A Bleak Cold Day’s Bright Warm Fireplace – A lit fireplace is something that changes everything about a room. It offers a symphony of sounds, sights, and smells. It’s something that can be enjoyed alone, but is best enjoyed with others. You need someone to turn to and say, “What a great fire! Just what I needed on such a cold day… in such a cold world.”

Ancient, Churchy Incense – Few Protestant churches get this one. And some Catholic and Orthodox churches struggle as well, but those that do get it offer a palette of holiday aromas that truly transport worshippers. In Exodus 29:18b is says, “It is a burnt offering to the LORD. It is a pleasing aroma, a food offering to the LORD.” This looks like the first of many times something like this is mentioned in the Bible. Apparently, our Creator designed something in us that He has in Himself: the ability to be pleased by aromas that have sacred meaning, many of which are associated with food. In churches, the sacredness should be obvious, linked to sacrifice, which for us as Christians is linked to the Cross, so a form of this can flourish in our private homes too. There are 58 days left till Christmas, and then it is gone again. And then another year is as well. In a world that has always been filled with the kind of hate dominating the news lately, the “holy days” are meant to be just that: holy. Holy means “set apart.” Turn off the cable news and disconnect with the Internet. Turn your eyes from all your screens and onto your one and only life. This is it. Take a deep breath and take in the smells of the season, and thank God for it all.  Never forget that the word “Gospel” means “good news.”


“Why?” I have heard the question often. Occasionally I’m asked how I answer this question, especially when losses are horrible, shocking, cruel, evil… everything like what people in Pittsburgh are suffering tonight.

First, the question “why?” can be two things. It can be a standard question: the one seeking an answer. In cases involving loss, however, it can also be a one-word lament in the form of a question, in which case no answer is given or wanted. Any answer would be unintelligible; it would not matter because it could not change what those grieving wish they could change. Just last night all those people were preparing for their service this morning. They were gunned down in hate, the early reports indicate. “Why?”

I stopped writing here not long after my father passed away, undergoing a series of procedures intended to extend his life. No violence or hatred, of course, but still unexpected. “Why?”

Again, this second form of “why?” that life brings us all to the point of voicing may have a question mark at the end of it, but it is more of a statement. It is not about inquiring; it is about exhaling. It accompanies us when we are furious, not when we are curious. There is little point to explaining anything when most of what is present is pain and grief. Our minds do not hunger for information when our hearts ache for relief. This is especially so when we hurl “why?” up to God. It turns into, “why, God?” Verses like Psalm 22:1 give us confidence that God wants both our “why?” questions and our “why?” statements. Christ quoted this verse and asked God “why?” from the Cross moments before He died.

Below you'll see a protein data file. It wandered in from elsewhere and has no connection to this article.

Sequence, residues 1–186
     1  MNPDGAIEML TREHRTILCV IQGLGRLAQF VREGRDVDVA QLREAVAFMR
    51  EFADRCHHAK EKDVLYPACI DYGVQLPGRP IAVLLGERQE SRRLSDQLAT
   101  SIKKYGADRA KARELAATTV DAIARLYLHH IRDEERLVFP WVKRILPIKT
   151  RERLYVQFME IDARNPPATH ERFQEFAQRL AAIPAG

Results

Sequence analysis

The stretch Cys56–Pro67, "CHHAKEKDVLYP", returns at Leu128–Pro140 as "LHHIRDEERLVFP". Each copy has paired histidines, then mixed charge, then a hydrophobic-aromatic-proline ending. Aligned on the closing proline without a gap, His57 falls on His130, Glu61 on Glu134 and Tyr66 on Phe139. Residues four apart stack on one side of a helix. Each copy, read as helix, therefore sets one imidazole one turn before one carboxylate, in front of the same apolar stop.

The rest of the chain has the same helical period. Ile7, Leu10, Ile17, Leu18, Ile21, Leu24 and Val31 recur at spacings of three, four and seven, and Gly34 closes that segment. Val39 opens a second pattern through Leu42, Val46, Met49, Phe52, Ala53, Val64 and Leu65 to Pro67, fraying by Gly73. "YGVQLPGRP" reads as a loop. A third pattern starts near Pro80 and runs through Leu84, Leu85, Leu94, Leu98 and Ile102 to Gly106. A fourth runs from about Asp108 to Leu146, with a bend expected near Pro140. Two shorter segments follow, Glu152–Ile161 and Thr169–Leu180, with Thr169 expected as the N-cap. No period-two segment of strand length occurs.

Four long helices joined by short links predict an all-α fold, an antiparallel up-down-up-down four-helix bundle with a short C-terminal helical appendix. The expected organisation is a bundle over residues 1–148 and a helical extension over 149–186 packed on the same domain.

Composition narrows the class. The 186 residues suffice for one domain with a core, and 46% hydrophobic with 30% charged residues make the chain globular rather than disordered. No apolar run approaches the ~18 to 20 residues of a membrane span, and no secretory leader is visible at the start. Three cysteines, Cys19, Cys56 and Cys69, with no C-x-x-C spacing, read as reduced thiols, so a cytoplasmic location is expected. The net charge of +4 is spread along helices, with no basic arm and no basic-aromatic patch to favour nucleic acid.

“My God, my God, why have you forsaken me?
Why are you so far from saving me, from the words of my groaning?”

God knows we sometimes want answers for the sake of answers. He knows that more often we need Him to know our hearts and their condition, especially when they are broken. “Why?”

This second form of “why?” can have many degrees. A family’s private loss is on one end of the scale while a city’s bitter bewilderment is on the other. Tonight it is Pittsburgh’s turn to exclaim “why?” The rest of us join them…



Ash Wednesday

Genesis 18:27 – Abraham answered and said, “Behold, I have undertaken to speak to the Lord, I who am but dust and ashes.

As I ran on the rail trail between Chester and Monroe, a group of students from a local high school, who apparently comprise their track team, ran the other way by me. I looked up to see ashes on some of their foreheads. Smears of black ash seemed like something that most people would want to wash off and forget. It looked embarrassing. It was ugly. Funny how something ugly can be beautiful.

Let me admit that these teenaged boys with their smudged foreheads inspired hope in me as I passed them. Somehow, despite all societal trends, they remain connected to Christian tradition. Christian tradition is the only thing that assures us that there will be any kind of Christian future. It begins with the Bible and tells us who we are as believers. If we cut it off in order to fit into contemporary culture, we cut off our identity.  The Holy Spirit wasn’t invented in the 20th century. Relevancy is a relative concept. Who knew that dark smudges worn all day by some teenagers could say so much? Well, whenever an imperfect tradition intends to be faithful to Scripture and involve Jesus Christ, it lives and promotes life spiritually in all of us.

I pray for all who read this that these days between Ash Wednesday 2018 and Easter Sunday 2018 would be days of repentance, renewal, and rejoicing. It matters. We all need our faith to be restarted and refreshed by the Holy Spirit. He has been filling and tending to Christ’s church from the beginning.